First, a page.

Vu Duc Giang, chairman of the Vietnam Textile and Apparel Association (Vitas), said the local garment industry has been one of the leaders in export value, but the industry has just joined the processing stages of cutting and sewing in the global supply chain.
The industry depends on imported material from abroad, especially from China, which accounts for 50 per cent of the material for the industry’s production, he said.
However, if the markets providing material for Vietnam’s garment industry showed any abnormal fluctuations it impacts the local industry adversely.
In addition, the local textile and garment sector has not seen much cooperation between manufacturers to create a production chain and a sustainable development strategy in the long term, he said.
Tran Thu Hien, director of Nha Be Garment Corporation’s branch in Hanoi, said Vietnam’s garment enterprises have focused on developing only their strengths, and have not paid attention to demand or lack of raw materials. Nor have they sought ways to ensure the supply of raw materials, she said.
Nha Be Garment imports 70 per cent of its raw material, and sources the remainder locally.
Truong Thi Thanh Ha, general director of Dong Xuan Knitting, said Vietnam requires 400,000 tonnes of cotton each year, but the local supply is just about 3,000 tonnes. The reminder has to be imported.
Most of the machines, chemicals and textile dyes that Vietnam’s garment industry uses also need to be imported, which means the supply chain remains a weak point in Vietnam’s garment sector.
Phan Chi Dung, head of the Light Industry Department under the Ministry of Industry and Trade, said the development of the world garment industry would result in the development of supply chain and e-commerce transactions.
These were challenges for the local garment sector so it must reform itself in future, he said. However, 21 per cent of small- and medium-sized enterprises (SMEs) in Vietnam have joined the global supply chain, which is lower than Thailand and Malaysia, where 30 per cent and 46 per cent, respectively, of its SMEs are part of the chain.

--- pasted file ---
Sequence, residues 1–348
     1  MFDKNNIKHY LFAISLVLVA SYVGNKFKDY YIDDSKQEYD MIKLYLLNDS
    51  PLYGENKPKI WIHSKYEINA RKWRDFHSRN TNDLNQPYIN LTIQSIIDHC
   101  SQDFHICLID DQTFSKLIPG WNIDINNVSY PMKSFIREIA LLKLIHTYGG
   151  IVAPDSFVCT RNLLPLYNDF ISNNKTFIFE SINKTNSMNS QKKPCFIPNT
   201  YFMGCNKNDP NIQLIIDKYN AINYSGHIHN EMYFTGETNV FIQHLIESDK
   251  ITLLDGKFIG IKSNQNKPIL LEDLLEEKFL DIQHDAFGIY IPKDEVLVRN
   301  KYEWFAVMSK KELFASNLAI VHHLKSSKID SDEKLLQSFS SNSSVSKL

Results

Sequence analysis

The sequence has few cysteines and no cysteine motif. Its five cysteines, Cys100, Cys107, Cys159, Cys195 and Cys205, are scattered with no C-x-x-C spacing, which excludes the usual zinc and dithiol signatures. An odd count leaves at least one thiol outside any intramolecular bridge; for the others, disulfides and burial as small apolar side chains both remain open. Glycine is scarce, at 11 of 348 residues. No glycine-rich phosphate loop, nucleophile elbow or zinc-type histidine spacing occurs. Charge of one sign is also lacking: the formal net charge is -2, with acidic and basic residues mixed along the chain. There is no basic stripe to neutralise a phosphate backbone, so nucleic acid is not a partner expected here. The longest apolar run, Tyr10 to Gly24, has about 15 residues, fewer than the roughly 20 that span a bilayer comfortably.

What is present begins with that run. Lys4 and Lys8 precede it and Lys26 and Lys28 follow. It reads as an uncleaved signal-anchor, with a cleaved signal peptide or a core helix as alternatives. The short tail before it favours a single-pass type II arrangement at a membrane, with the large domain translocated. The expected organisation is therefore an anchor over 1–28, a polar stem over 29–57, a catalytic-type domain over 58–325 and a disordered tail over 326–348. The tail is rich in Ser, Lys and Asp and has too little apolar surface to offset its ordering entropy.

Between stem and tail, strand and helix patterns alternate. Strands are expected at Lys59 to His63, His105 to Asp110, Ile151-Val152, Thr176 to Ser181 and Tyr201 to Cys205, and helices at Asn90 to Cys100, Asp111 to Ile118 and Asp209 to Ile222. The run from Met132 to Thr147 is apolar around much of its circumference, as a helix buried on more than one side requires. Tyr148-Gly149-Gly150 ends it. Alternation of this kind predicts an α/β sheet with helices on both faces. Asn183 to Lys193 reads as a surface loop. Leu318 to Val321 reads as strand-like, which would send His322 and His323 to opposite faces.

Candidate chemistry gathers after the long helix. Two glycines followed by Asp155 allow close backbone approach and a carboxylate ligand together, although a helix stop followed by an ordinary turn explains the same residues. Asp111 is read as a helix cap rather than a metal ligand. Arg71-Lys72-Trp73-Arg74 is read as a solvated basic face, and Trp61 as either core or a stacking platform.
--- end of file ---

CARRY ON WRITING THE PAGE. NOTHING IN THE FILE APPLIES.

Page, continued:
Vietnamese enterprises have joined the lowest stages of the supply chain of processing and supply of alternative parts. but have not joined major production stages such as production of materials and design, he said.
Giang said to boost the industry’s added value, its enterprises must focus on developing production of material and changing production methods.
These solutions would improve the quality of exported textile and garment products and encourage cooperation among garment enterprises to create a domestic supply chain, he said.
Le Tien Truong, general director of the Vietnam National Textile and Garment Group (Vinatex), said local textile and garment firms should change their strategies in production and management, and develop skilled workers to create favourable conditions for firms shifting the production modality from cut-make-and-trim to free-on-board practice and original design manufacturing.
Vinatex is planning to invest in a series of plants in central Ha Tinh province to form a competent production chain serving domestic and foreign markets.
At a total capital of nearly 1 trillion dong ($45.14 million), four factories, wastewater treatment and water supply centres will be built in the local Nam Hong industrial park, covering 19 hectares.
The construction of two sewing plants, Hong Linh 1 and 2, costing 190 billion dong, will start in February 2016 and early 2017 respectively.
In late 2017, the Hong Linh plant for scarf weaving, with design capacity of 1,500 tonnes per year, will be built under a 314-billion dong investment.
The last of the four is a factory for dyeing and knitting worth 410 billion dong ($18.5 million), which is capable of turning out 1,400 tonnes of products annually.
Vinatex has launched a drive to increase productivity which is vital when the country accelerates international integration.